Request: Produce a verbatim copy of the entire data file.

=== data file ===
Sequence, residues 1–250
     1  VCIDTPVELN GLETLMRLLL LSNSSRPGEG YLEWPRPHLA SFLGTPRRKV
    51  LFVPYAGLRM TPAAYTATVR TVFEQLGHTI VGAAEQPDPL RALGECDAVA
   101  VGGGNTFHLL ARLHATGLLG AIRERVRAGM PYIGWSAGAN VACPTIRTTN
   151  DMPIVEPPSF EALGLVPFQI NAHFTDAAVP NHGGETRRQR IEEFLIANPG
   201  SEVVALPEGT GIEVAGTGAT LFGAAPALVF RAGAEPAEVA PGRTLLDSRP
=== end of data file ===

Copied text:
Sequence, residues 1–250
     1  VCIDTPVELN GLETLMRLLL LSNSSRPGEG YLEWPRPHLA SFLGTPRRKV
    51  LFVPYAGLRM TPAAYTATVR TVFEQLGHTI VGAAEQPDPL RALGECDAVA
   101  VGGGNTFHLL ARLHATGLLG AIRERVRAGM PYIGWSAGAN VACPTIRTTN
   151  DMPIVEPPSF EALGLVPFQI NAHFTDAAVP NHGGETRRQR IEEFLIANPG
   201  SEVVALPEGT GIEVAGTGAT LFGAAPALVF RAGAEPAEVA PGRTLLDSRP